Monticello Thomas Jefferson

Monticello was where Thomas Jefferson lived. It is in the south-central part of the U.S. state of Virginia, about 3 km (2 miles) southeast of Charlottesville. Between 1768 and 1809, the building was put up. It is one of the best examples in the United States of the early Classical Revival style. Monticello and the University of Virginia in Charlottesville were added to the list of World Heritage Sites by UNESCO in 1987.

Monticello Thomas Jefferson Facts

Thomas Jefferson, who lived from 1743 to 1826, was the third president of the United States and wrote the Declaration of Independence. He was also a skilled neoclassical building designer, and he built Monticello. When Thomas Jefferson left for France in 1784 as the American minister to that country, most of the work on Monticello was done.

His ideas about architecture changed a lot during the five years he lived there. He was very influenced by both modern Neoclassical architecture and Roman buildings from long ago. In 1793, Jefferson started making plans for making changes and adding on to Monticello. In 1796, the work began. The old house was mostly torn down.

Thomas Jefferson’s Home

The last building, which was finished in 1809, is made of brick and wood and has 35 rooms, 12 of which are in the basement. Each room is a different shape. There are two main entrances: the east portico, which leads to the public parts of the house, and the west portico, which is the private entrance and leads to the large gardens of the estate.

The windows on the second floor start at floor level and are joined to the windows on the first floor in a single frame. This makes it look like there is only one story. The building is dominated by an eight-sided dome in the middle. Under it, a balustrade goes all the way around the roof’s edge. This plan was based on one-story French pavilions from the 18th century, like the “Hôtel de Salm.”  The dome was the first of its kind in the United States.

Jefferson put clever things all over the house. A weather vane on the roof sends its reading to a dial on the ceiling of the east portico. Above the east entrance is a big clock with two faces that can be seen from both inside and outside the building. In the dining room, the fireplace hides a dumbwaiter that goes to the wine cellar. Jefferson also came up with creative ways to light and air the house, and he made many of the pieces of furniture himself.

Where is Jefferson’s Monticello Located

Monticello after Jefferson: When he died on July 4, 1826, at Monticello, he left his heirs with more than $107,000 in debt. Thomas Jefferson Randolph, who was Jefferson’s grandson and also the person in charge of his estate, tried to sell Monticello to get money to pay off the debt. Randolph and his mother sold Jefferson’s slaves, furniture, supplies, grain, and farm equipment at an auction in 1827.

Then they sold or gave away almost all of his art and the tens of thousands of acres of land he owned. In 1831, the Randolphs sold the house and 552 acres of land to a Charlottesville druggist named James Turner Barclay for about $7,000.  In 1834, Barclay sold it and 218 acres (89 hectares) of land to Lieutenant Uriah Phillips Levy of the U.S. Navy, who was a big fan of Jefferson.

Levy was the first Jewish American to become an officer in the U.S. Navy. He fixed up Monticello and let people come see it. During the Civil War, the South took over Monticello because someone from the North owned it. Officer in the Confederate army Benjamin Ficklin owned it for a short time. After the war, the Levy family got it back.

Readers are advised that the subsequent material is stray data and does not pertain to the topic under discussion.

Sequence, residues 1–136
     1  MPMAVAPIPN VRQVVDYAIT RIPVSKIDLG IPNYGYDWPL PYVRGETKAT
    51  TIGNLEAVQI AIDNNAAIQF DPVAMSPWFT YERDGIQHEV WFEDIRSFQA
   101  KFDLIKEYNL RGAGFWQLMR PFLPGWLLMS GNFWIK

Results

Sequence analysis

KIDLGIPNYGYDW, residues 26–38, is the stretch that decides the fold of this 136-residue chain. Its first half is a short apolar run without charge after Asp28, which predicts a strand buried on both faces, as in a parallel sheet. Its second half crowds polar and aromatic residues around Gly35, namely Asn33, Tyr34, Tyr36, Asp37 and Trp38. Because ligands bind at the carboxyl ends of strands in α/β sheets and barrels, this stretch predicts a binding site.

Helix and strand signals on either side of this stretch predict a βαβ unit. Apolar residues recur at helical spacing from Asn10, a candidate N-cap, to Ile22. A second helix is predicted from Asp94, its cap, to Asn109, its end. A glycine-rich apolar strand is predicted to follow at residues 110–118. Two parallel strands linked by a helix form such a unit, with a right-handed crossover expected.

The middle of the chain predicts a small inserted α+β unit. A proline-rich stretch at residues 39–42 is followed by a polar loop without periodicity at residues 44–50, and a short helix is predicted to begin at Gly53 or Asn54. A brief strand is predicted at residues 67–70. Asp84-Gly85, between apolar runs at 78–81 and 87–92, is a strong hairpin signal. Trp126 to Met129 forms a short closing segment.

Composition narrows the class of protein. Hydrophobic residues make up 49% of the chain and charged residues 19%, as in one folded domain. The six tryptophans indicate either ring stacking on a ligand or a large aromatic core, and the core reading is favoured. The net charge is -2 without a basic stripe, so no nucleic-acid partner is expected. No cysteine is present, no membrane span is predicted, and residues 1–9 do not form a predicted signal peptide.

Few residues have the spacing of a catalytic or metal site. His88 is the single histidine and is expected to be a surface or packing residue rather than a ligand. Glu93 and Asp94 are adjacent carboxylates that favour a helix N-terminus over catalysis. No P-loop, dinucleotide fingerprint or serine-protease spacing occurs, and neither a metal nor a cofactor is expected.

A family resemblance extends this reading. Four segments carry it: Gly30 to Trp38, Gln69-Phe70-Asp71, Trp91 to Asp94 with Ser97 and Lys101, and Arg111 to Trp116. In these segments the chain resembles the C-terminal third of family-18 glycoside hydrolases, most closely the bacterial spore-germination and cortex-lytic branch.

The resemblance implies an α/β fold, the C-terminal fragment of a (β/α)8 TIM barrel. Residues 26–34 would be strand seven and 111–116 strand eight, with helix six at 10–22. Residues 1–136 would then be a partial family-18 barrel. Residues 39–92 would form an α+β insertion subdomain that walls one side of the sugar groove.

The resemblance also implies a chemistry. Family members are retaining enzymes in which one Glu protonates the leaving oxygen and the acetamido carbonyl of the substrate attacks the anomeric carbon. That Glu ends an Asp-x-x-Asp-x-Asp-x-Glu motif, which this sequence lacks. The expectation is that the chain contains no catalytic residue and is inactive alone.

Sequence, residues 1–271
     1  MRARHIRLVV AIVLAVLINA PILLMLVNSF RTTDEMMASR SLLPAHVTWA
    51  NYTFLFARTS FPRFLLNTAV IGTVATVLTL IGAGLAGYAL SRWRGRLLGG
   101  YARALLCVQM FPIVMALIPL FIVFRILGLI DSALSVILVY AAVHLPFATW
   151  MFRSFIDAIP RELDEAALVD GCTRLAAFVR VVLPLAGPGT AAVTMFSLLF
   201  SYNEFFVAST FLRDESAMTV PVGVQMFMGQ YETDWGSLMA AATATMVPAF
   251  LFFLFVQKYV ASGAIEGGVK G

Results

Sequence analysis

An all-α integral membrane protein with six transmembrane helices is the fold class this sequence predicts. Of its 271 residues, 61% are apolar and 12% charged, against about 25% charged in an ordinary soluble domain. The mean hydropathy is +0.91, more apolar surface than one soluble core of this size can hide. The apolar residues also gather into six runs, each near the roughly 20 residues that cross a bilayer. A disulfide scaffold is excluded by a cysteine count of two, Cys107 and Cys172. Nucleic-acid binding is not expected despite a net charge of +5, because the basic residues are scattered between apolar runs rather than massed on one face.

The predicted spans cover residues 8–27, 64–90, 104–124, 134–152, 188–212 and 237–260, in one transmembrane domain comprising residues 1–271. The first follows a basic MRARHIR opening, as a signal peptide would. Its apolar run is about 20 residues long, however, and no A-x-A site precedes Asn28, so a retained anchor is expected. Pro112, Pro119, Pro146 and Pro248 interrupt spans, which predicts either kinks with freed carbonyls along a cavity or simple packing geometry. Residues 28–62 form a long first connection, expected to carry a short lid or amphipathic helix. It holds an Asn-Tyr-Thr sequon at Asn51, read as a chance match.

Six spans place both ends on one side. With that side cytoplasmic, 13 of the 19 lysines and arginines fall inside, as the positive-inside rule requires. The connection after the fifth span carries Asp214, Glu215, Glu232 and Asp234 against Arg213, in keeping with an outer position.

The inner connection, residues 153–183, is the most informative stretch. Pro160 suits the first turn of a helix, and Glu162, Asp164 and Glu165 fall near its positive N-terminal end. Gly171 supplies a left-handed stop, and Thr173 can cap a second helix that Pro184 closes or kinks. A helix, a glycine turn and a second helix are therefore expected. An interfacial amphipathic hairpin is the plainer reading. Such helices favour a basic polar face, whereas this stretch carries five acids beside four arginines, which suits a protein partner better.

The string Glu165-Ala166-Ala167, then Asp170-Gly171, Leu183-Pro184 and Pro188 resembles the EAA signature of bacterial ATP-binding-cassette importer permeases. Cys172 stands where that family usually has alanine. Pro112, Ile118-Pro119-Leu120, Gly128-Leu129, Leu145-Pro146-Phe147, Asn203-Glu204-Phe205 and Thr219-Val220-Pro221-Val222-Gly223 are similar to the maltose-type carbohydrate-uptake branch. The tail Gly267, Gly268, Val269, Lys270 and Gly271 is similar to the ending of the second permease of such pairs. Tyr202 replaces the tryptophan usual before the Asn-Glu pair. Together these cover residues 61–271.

When Uriah Levy died in 1862, his heirs fought against his will.  His will said that Monticello should be used as an agricultural school for the children of navy warrant officers who died while on active duty. After that, there were 17 years of court cases, and during that time, Monticello was almost destroyed.

In 1879, Jefferson Monroe Levy, Uriah Levy’s nephew and a well-known lawyer, stock and real estate speculator, and three-term U.S. congressman from New York City, bought out the other heirs and took ownership of Monticello. He started fixing up Monticello and its grounds right away.

Monticello and the University of Virginia in Charlottesville

By 1911, there was a national movement to take the house away from Jefferson Levy and give it to the federal government so it could be used as a memorial to Jefferson. There were bills that would have done this in Congress, but none of them passed. Levy put Monticello up for sale in 1919.

Levy sold Monticello and its 640 acres (259 hectares) to the Thomas Jefferson Memorial Foundation, a private, non-profit group that had just been set up. Levy wanted to sell the house for $500,000. After that, Levy died soon after.

Jefferson’s vision was restored: The foundation, now called the Thomas Jefferson Foundation, fixed up the house and grounds, brought back a lot of the original furniture, made the gardens look like they did when Jefferson designed them, and bought back hundreds of acres of land that Jefferson used to own.

Jefferson’s house and furniture, an orchard, a vineyard, flower and vegetable gardens, and a 2,500-acre plantation are now on the Monticello estate (1,012 hectares).  In 1994, the Robert H. Smith International Center for Jefferson Studies was set up by the foundation. It has an archaeology department that works in the field all over the Monticello grounds. In 2009, many big tourist spots and places to learn opened. Monticello is now a museum, and a lot of people go there.

Amitava Ray
Amitava Ray

I'm a photographer (1979), a blogger (2006), and a reference article's author on Wikipedia, enhancing your next assignment with illustrated knowledge before moving on.

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